Facing thousands of worried members at the annual convention of the National Education Association on July 3, the head of the nation’s largest teachers’ union sounded a little whiny.
“Today, our members face the most anti-educator, anti-union, anti-student environment that I have ever experienced,” said Dennis Van Roekel, the NEA’s president. Leaving aside the bizarre suggestion that there is burgeoning anti-student sentiment in America, Roekel’s concerns are well-founded: For the first time in living memory, poor-performing teachers and the unions that protect them are under real scrutiny. So much so that even documentarians—the most liberal enclave of the most liberal institution (the entertainment-industrial complex) in American society—are now taking aim at union excesses.
Theaters across the country have seen an explosion of films that cast a critical eye on public schools and the reasons for their failures. First up was The Cartel, a look at the impact teachers’ unions have had on schools in New Jersey. Bob Bowdon’s documentary betrays its limited budget—it’s the roughest-looking of the new releases—but successfully drives home the fact that throwing money at the problem of our public schools will solve nothing: New Jersey has one of the highest per capita rates of spending on education in the country. Governor Chris Christie has taken this lesson to heart; he is waging a fierce battle to improve New Jersey’s failing public schools while also tamping down runaway costs.
Currently in theaters is The Lottery, an alternately heartbreaking and infuriating work. Madeleine Sackler follows a quartet of students as they enter a lottery to attend a charter school in New York City. Heartbreaking are the scenes of parents who want little more than the chance for their kids to get a decent education; infuriating are the scenes of union-organized protests against charter schools (including a guest appearance from ACORN rabble-rousers), local politicians firmly in the pocket of the city’s unions railing against charter schools, and statistics underscoring how hard it is to fire terrible teachers.
Union leaders have said they are just as frustrated by lousy teachers as parents are and just as committed to getting underperforming educators out of the classroom. This would inspire laughter if it weren’t so maddening: Citing Department of Education statistics, The Lottery reports that in the 2006-07 school year only 10 of 55,000 tenured teachers were fired from New York City’s public schools at a cost of $250,000 per removal. It’s a problem we see across the nation: Whereas one in 57 doctors loses their license and one in 97 lawyers, only one in 2,500 tenured teachers is ever removed from the classroom.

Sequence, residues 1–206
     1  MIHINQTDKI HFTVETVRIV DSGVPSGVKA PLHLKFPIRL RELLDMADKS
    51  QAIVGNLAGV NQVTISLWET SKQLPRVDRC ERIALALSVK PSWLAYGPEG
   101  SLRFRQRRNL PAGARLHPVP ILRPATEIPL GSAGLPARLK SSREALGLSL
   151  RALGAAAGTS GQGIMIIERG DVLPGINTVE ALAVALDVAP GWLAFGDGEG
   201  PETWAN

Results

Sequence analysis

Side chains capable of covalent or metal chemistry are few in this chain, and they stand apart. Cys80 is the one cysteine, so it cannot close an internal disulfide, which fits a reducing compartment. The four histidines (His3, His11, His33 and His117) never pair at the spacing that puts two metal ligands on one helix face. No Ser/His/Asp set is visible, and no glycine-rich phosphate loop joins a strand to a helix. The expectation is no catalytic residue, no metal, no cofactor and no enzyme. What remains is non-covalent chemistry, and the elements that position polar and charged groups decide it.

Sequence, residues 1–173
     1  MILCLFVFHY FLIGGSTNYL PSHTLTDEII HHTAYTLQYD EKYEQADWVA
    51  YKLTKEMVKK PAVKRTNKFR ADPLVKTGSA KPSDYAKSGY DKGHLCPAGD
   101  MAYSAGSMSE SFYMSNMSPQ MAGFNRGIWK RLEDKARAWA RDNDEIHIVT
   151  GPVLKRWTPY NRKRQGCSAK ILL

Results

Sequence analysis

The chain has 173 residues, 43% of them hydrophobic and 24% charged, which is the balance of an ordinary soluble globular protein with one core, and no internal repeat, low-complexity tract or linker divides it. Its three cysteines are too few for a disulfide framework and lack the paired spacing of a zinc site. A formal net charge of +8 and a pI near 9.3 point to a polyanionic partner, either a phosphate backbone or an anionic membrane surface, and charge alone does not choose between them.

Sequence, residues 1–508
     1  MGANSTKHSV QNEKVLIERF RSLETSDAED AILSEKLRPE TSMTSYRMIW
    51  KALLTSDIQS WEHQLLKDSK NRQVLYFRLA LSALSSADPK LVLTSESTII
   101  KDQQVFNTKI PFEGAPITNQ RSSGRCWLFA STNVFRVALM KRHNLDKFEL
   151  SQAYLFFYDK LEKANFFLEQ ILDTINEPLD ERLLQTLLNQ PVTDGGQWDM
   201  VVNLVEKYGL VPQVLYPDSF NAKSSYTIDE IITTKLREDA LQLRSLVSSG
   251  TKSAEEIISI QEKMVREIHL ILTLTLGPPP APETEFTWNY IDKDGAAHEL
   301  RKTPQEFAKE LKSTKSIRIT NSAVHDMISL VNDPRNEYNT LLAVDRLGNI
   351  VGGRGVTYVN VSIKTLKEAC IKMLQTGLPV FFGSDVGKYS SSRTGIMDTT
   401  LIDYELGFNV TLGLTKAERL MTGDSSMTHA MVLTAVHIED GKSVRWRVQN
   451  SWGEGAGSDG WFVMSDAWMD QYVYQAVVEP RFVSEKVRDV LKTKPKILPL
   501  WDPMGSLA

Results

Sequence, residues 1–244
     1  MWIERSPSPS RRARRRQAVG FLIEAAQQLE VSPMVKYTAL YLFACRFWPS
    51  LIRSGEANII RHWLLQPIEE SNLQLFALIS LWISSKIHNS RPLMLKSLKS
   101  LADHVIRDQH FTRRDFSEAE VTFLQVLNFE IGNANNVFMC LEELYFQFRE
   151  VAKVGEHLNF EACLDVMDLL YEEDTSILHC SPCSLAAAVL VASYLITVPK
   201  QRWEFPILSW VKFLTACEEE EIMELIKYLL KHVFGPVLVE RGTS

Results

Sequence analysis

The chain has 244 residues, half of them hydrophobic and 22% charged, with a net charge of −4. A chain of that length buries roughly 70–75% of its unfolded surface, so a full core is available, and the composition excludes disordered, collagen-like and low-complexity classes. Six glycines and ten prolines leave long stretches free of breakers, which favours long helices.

That last statistic comes from Waiting for “Superman,” arguably the most important of the new releases. Directed by Davis Guggenheim—the Academy Award-winning director of An Inconvenient Truth—it was the Centerpiece Screening at Silverdocs, an important film festival for documentarians. Guggenheim unloads on teachers’ unions with both barrels in his film, lambasting them for protecting terrible teachers at the expense of students and for stymying efforts to improve the schoolhouses they have captured.
Like The Lottery, Waiting for “Superman” follows a group of schoolchildren vying for spots in charter schools. But Guggenheim’s work is broader and more ambitious; he tackles school districts across the country, in both urban and suburban areas. Time and again, Guggenheim and the reformers he interviews come back to the troubling aspects of teacher tenure. Like its cousin in higher education, tenure is a guarantee of employment for life. Unlike in higher education, however, tenure is handed out to virtually every public school teacher after a short wait, typically two to three years. When layoffs occur, school districts are forced to operate on a “last hired, first fired” basis instead of deciding who to keep based on merit. The one-two combo of tenure and seniority has made it almost impossible to fire poor teachers.
Consider Chicago. Only 28.5 percent of Chicago Public School students met or exceeded expectations on the composite Prairie State Achievement Examination in the 11th grade. In science and math, those numbers were even more dismal; a mere 23.7 and 26.9 percent, respectively, met or exceeded the standards expected of them. But the teachers responsible for these outcomes are virtually untouchable. According to Newsweek, the percentage of Chicago teachers dismissed for poor performance between 2005 and 2008 was 0.1 percent. In a district where only one in four students is proficient in math and science, how is it possible that less than one in one thousand teachers is worthy of dismissal?